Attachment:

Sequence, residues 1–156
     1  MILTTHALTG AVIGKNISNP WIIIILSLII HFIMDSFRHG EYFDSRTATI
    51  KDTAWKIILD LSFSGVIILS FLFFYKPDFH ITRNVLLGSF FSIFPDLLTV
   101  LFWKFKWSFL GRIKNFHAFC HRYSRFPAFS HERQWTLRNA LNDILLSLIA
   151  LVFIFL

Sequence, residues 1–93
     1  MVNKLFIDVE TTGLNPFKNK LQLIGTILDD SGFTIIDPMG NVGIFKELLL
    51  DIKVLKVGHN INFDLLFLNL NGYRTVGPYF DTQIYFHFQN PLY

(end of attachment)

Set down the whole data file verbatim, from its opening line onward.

Sequence, residues 1–156
     1  MILTTHALTG AVIGKNISNP WIIIILSLII HFIMDSFRHG EYFDSRTATI
    51  KDTAWKIILD LSFSGVIILS FLFFYKPDFH ITRNVLLGSF FSIFPDLLTV
   101  LFWKFKWSFL GRIKNFHAFC HRYSRFPAFS HERQWTLRNA LNDILLSLIA
   151  LVFIFL

Sequence, residues 1–93
     1  MVNKLFIDVE TTGLNPFKNK LQLIGTILDD SGFTIIDPMG NVGIFKELLL
    51  DIKVLKVGHN INFDLLFLNL NGYRTVGPYF DTQIYFHFQN PLY